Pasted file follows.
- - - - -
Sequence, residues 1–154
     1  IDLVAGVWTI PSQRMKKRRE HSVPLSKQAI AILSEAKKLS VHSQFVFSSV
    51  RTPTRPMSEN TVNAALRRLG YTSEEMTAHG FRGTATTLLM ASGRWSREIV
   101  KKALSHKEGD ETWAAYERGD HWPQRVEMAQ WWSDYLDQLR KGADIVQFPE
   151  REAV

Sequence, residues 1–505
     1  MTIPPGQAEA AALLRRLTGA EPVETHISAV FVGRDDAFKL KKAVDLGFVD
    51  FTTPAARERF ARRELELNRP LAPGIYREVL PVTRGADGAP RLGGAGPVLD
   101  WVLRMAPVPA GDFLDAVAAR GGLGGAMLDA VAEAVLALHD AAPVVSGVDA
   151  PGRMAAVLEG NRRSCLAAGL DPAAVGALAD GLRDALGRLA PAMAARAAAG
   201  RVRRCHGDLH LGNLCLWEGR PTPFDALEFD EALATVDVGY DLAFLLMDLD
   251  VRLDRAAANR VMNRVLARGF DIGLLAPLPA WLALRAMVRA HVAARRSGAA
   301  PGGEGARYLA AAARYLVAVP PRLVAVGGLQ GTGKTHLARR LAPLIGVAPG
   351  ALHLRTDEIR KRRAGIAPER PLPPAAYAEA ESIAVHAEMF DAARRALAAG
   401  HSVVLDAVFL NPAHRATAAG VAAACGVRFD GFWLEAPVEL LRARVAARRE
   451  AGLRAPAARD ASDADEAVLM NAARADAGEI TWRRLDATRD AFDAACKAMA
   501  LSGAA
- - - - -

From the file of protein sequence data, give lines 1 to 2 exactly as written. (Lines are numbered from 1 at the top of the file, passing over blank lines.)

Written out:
Sequence, residues 1–154
     1  IDLVAGVWTI PSQRMKKRRE HSVPLSKQAI AILSEAKKLS VHSQFVFSSV